According to LiveScience.com, a Canadian woman developed an infection after giving birth that resulted in the amputation of her limbs.
The website reported that the woman, age 33, was diagnosed with necrotizing fasciitis days after she gave birth to a child in Nova Scotia. The woman ended up spending seven months at the hospital after developing the infection and required multiple surgeries including the removal of her arms, legs, and a hysterectomy.
The flesh-eating bacteria reportedly developed after the woman suffered a tear during childbirth that required sutures. Her family has allegedly filed a lawsuit claiming that she went to the hospital after experiencing pain in her stomach, but was sent home when doctors thought she was constipated.
Her attorneys allege that this delay in care was negligent and led to further damages to the woman’s body. The bacteria allegedly took over and spread throughout her body after the woman was sent home and broke down her skin.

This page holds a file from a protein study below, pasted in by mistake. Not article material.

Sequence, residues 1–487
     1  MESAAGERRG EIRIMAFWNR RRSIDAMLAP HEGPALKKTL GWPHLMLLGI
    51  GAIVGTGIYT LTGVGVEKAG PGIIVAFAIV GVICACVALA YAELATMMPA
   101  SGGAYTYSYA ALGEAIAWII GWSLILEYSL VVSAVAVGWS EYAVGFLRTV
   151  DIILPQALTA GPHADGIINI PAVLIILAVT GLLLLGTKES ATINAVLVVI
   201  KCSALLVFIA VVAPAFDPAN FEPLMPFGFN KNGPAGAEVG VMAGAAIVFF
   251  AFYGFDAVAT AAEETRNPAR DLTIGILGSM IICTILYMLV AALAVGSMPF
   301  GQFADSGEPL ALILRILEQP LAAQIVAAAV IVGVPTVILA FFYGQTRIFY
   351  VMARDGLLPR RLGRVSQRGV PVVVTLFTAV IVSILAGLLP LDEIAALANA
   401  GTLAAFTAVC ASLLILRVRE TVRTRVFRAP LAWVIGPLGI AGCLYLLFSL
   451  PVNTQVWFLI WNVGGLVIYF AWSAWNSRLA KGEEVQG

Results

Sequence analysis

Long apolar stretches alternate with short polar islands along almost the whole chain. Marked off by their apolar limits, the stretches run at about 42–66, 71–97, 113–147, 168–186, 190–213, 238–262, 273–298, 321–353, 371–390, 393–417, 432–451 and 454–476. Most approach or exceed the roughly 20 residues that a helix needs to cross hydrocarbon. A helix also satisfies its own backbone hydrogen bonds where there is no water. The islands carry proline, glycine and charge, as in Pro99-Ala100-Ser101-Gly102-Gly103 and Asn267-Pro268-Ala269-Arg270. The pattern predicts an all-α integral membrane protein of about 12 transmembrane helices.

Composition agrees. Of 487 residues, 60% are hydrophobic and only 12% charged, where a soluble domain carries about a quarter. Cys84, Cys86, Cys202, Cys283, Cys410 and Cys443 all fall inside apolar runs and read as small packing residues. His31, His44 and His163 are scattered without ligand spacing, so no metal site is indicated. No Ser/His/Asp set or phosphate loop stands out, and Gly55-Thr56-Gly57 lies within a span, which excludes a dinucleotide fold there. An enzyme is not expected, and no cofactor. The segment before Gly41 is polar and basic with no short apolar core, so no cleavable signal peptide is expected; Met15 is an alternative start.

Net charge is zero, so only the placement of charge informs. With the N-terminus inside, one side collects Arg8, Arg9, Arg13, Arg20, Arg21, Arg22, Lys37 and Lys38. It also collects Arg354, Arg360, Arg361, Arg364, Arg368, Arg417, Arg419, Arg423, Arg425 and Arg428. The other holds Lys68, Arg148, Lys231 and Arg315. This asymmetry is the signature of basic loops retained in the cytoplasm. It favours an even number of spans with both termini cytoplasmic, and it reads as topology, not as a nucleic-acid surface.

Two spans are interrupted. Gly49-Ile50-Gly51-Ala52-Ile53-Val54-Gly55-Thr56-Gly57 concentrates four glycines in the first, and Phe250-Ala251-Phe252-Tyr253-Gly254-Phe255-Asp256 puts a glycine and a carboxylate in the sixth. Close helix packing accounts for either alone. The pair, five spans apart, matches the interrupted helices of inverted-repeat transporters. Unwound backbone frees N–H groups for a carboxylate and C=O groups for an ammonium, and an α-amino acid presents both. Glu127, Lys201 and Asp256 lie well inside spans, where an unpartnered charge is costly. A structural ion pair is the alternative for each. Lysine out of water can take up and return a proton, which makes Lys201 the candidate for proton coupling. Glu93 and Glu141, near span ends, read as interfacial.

LiveScience.com reported that a review of hospitalizations in 2014 found that there are about four instances of “pregnancy-related necrotizing fasciitis per 100,000 pregnancies per year in the United States.”
Researchers found that about 80 percent of the necrotizing fasciitis cases occurred after birth and most required hospitalized and intensive care treatment. For more information, you can read the source link below.
Can I Sue a Hospital for Malpractice if I Suffer Injuries During My Child’s Birth?
As this case allegedly shows, negligent care can harm not only a child during the birthing process, but a mother. The failure to properly clean wounds can lead to incredibly harmful infections. Additionally, the failure of a healthcare provider to assist with timely care in the event of an emergency can lead to further injuries.
If you have been harmed during childbirth, speak to our medical malpractice attorneys. Our attorneys include a medical doctor, who is expertly qualified in handling claims. For a free discussion about your case, call 1-(800)-460-0606.